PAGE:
BELLEFONTE - Former Penn State assistant football coach Jerry Sandusky asked a judge on Thursday to overturn his child sexual abuse convictions and grant him a new trial, claiming his lawyers lacked sufficient time to prepare and the statute of limitations for some charges had expired.
Sandusky's lawyers made the filing at the courthouse in Bellefonte where he was sentenced two weeks ago to 30 to 60 years in prison after being convicted of abusing 10 boys, some on Penn State's campus in State College.
"The defendant submits the court's sentence was excessive and tantamount ... to a life sentence, which the defendant submits is in violation of his rights," they wrote.
The 31-page set of motions, technically not appeals because they were filed with the trial judge, cover a wide range of assertions, including insufficient evidence, improper use of hearsay testimony and erroneous rulings from the bench.
More than a third of the document explores ways Sandusky believes the rapid pace of the case violated his right to due process of law, as he went from arrest to trial in just over seven months. His lawyers said they were swamped by documents from prosecutors, they lacked time to interview possible witnesses and an expert and two assistants were not available at trial.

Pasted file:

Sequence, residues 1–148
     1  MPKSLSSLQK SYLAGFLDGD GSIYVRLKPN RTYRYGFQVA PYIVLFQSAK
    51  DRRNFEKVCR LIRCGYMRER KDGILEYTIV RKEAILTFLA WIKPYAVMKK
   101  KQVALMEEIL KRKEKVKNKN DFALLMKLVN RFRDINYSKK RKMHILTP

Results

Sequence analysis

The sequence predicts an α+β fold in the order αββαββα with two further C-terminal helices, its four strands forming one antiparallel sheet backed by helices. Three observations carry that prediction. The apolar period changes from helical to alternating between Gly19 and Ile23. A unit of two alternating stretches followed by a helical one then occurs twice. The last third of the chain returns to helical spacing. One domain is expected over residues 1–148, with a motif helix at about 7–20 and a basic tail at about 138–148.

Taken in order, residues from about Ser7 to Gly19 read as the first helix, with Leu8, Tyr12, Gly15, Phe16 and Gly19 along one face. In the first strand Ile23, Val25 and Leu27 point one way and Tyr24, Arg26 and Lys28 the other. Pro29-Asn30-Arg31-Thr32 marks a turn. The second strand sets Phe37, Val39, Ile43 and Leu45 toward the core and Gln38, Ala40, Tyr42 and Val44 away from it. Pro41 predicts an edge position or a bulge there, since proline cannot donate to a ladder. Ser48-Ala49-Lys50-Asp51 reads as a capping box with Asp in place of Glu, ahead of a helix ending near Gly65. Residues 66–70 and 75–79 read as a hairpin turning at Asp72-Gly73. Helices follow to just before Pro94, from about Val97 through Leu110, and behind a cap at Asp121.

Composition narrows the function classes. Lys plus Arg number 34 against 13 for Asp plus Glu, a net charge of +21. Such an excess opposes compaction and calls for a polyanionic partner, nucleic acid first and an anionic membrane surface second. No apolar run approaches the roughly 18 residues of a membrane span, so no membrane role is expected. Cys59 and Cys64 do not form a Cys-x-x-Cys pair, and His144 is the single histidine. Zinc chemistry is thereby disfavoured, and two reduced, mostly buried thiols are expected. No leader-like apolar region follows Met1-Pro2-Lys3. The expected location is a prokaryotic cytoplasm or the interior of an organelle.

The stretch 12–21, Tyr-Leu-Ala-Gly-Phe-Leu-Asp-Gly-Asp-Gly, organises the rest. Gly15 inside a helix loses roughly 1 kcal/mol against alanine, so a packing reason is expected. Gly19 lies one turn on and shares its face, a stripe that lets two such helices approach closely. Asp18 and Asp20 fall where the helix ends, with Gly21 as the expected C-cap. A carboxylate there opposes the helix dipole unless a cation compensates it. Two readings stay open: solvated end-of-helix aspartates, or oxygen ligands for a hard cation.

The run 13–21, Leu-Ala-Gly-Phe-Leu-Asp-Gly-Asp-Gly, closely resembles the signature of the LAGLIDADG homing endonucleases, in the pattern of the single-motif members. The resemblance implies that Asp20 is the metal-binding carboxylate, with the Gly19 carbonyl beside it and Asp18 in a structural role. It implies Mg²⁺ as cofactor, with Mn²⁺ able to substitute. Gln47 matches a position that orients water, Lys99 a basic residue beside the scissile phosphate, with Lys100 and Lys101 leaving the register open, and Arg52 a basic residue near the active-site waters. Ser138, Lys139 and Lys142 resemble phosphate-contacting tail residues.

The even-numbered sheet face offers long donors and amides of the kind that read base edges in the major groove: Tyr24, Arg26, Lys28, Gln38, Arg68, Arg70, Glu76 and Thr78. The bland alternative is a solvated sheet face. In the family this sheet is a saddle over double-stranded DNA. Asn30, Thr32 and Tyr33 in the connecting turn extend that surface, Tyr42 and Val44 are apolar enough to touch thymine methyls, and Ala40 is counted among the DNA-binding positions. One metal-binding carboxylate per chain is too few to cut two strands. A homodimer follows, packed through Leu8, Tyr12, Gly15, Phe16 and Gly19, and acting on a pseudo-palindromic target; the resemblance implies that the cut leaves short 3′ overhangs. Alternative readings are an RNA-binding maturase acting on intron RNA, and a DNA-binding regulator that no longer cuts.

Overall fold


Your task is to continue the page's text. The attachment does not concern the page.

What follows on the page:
Also Thursday, People magazine said an accuser identified in court papers as Victim 1, whose claims of being abused by Sandusky began the investigation in late 2008 and who testified against him at trial, gave an interview in which he spoke out publicly by name for the first time.
Aaron Fisher, 18, told the magazine he decided to come forward with a book to tell other victims it is better to tell people about abuse than remain silent. Fisher, who's expected to appear on ABC on Friday, said he and Sandusky's other victims "had a very long battle to see justice done."
Sandusky, 68, built a reputation as one of the country's premier defensive coaches while serving under head coach Joe Paterno, including two national championships. That image was shattered last year by his arrest.